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Published March 21st, 2018
Local high school students join national walkout
Students who participated in the nationwide walkout at Miramonte could register to vote and write postcards to elected representatives at tables set up on campus. Photo John T. Miller

Hundreds of high school students in the Lamorinda area participated in the national walkout protesting gun violence, joining over 3,000 other participating schools in the movement that took place at 10 a.m. March 14 across the nation's time zones and Puerto Rico.
Mercifully, it seems, the heavy rains abated for the 17-minute event here, and returned just moments after the student protests were over.
At Miramonte, students from the Acalanes Union High School District organization Equiteam organized and ran the event. Areeba Yasin, Zahra Hasanian and Thalia Kelly set up tables for voter registration, post card writing to the area's elected officials, and gave out orange ribbons representative of the #neveragain movement.
They chanted slogans such as "No hate, no NRA or gun violence in the USA," "Keep your guns out of our schools," and "When do we want this? Never again!"
Many teachers wore orange in support of the protests, and one woman, a parent and a teacher, wore a flak jacket.
A teacher commented that he believed "the NEA and the NRA should be going toe-to-toe, and I'm wondering where my union is on this."
The event ended with a long and heartfelt minute of silence for the shooting victims in Parkland, Florida.
Miramonte principal Julie Parks praised the students who organized the event, and said, "We believe in supporting the students' freedom of speech and encourage them to have have a voice. Students who chose to leave class early were asked to submit a reflective statement as an appropriate consequence for missing class."
At Acalanes High School, approximately 300 students joined the national multitude and walked out of classes. The students gathered in the front quad and silently walked to the corner of Pleasant Hill Road and Stanley Boulevard where they stayed for the duration of the walkout.
Kate Gilberd and Fiona Warburton, seniors who led the event, walked through the crowd and gave a somber recital of the names of each of the victims of the Parkland shooting.
In a letter home to parents, Acalanes principal Travis Bell stated, "This was not a school-sponsored event, as walking-out is not something we can plan or promote." He also stressed that appropriate consequences would reinforce the school's "core values of respect, engagement, and student safety." Like Parks, he affirmed students' Constitutional right of free speech.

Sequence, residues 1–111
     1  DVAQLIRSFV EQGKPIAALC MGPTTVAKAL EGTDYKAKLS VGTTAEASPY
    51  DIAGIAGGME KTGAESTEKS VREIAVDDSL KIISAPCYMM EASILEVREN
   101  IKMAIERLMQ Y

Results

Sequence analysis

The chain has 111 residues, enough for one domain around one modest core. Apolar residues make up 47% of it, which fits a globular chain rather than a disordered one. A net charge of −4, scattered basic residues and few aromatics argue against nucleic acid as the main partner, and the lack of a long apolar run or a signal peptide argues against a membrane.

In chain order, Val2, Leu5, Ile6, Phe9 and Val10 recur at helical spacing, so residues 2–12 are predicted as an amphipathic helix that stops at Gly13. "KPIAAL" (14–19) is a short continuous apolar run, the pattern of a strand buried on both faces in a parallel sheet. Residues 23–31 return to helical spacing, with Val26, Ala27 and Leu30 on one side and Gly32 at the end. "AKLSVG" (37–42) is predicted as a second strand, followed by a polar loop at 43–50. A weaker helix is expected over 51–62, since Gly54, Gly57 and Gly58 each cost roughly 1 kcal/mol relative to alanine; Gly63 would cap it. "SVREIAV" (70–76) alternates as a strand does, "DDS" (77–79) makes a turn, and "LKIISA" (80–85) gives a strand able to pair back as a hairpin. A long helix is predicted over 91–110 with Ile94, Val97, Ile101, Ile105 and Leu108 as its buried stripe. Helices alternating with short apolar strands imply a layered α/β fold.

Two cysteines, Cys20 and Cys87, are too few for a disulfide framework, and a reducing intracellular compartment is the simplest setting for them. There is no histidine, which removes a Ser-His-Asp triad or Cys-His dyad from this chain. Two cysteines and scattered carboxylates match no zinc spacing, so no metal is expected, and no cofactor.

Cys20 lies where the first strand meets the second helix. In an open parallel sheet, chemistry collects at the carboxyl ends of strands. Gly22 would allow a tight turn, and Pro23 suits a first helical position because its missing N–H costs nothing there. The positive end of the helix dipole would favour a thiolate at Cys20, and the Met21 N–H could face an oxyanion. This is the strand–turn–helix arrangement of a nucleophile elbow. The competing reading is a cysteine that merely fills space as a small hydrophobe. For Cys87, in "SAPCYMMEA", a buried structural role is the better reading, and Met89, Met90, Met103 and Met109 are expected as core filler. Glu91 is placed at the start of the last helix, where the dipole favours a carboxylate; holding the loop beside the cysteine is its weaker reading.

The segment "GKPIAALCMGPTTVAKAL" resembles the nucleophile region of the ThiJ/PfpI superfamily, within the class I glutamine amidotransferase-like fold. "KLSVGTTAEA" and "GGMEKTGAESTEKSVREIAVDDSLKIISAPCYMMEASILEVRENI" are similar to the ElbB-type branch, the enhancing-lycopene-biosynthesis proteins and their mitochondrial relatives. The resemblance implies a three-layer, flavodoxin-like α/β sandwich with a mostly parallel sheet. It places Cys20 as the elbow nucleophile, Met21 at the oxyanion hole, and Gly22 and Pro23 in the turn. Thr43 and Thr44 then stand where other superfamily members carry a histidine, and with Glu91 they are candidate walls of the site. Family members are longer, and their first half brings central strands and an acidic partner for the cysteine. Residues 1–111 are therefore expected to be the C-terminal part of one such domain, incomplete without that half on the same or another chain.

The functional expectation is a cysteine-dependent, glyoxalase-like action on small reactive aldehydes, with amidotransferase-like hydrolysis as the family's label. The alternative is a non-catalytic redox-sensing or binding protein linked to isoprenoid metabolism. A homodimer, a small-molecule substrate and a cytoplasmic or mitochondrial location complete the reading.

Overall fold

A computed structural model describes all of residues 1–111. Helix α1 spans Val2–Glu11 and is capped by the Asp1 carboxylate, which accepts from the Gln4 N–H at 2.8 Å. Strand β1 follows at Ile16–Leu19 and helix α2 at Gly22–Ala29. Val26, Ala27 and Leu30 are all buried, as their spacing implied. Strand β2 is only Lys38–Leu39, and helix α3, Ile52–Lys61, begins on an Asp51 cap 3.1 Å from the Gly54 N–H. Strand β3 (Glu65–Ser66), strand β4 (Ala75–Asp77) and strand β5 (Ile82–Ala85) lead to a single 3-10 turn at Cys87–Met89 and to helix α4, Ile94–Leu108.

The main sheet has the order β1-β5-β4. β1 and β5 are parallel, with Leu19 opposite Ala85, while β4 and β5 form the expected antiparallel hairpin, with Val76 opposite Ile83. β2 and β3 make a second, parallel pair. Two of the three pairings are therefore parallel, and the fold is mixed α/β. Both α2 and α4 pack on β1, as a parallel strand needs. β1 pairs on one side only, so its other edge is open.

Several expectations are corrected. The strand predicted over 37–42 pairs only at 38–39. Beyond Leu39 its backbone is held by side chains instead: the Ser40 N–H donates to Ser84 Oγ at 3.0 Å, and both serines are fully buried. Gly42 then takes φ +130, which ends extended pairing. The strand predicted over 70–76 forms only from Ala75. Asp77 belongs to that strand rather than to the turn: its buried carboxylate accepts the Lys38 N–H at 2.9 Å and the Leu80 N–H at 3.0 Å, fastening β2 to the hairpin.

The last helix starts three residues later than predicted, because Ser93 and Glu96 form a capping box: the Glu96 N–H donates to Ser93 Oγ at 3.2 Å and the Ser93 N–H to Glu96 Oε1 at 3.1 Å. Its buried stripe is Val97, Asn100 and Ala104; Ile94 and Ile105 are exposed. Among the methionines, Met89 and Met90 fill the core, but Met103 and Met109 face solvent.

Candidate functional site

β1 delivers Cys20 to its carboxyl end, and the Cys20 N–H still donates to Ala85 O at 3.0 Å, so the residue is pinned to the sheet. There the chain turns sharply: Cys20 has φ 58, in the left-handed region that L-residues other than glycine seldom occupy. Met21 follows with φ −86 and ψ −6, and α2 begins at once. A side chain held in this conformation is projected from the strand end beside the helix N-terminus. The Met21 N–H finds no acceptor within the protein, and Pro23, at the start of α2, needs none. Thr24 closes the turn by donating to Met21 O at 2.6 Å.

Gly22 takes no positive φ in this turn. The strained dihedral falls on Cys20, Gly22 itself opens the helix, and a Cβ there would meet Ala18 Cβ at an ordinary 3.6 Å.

After the walkout, Academy sessions were available for all students to write letters to the families in Parkland, Florida.
Over 200 students chose to walk out of class at Campolindo High School to attend the student-led rally for school and public safety and show solidarity with the national movement.
Sofia West, a junior, along with a group of fellow students, organized the rally. Participants gathered in the main quad area of the school and listened to a pair of student speakers, Sam Nunn and Fiona Deane-Grundman, who delivered compelling messages about gun violence and its effects.
At the end of the event, student leaders had information for registering and preregistering to vote.
Principal John Walker called it "a powerful display of student activism and a clear call for increased school safety."
The events at the AUHSD schools meant students missed five minutes of their fourth period block and the first two minutes of the Academy period. All three schools called on their respective police departments, school administration, and other personnel to help supervise those who decided to walk out in order to ensure the students' safety.
At Bentley School in Lafayette, the entire student body of approximately 350 students participated in the walkout, gathering in the sports field for a reading of the 17 names.
Afterward, students had their choice of activities, from creating art and video messages to the victims' families, letter writing, or talking about issues such as safety, gun laws, and how they wanted their futures to look.
Arlene Hogan, head of school for Bentley, said, "The students were remarkable. They were very passionate about participating."

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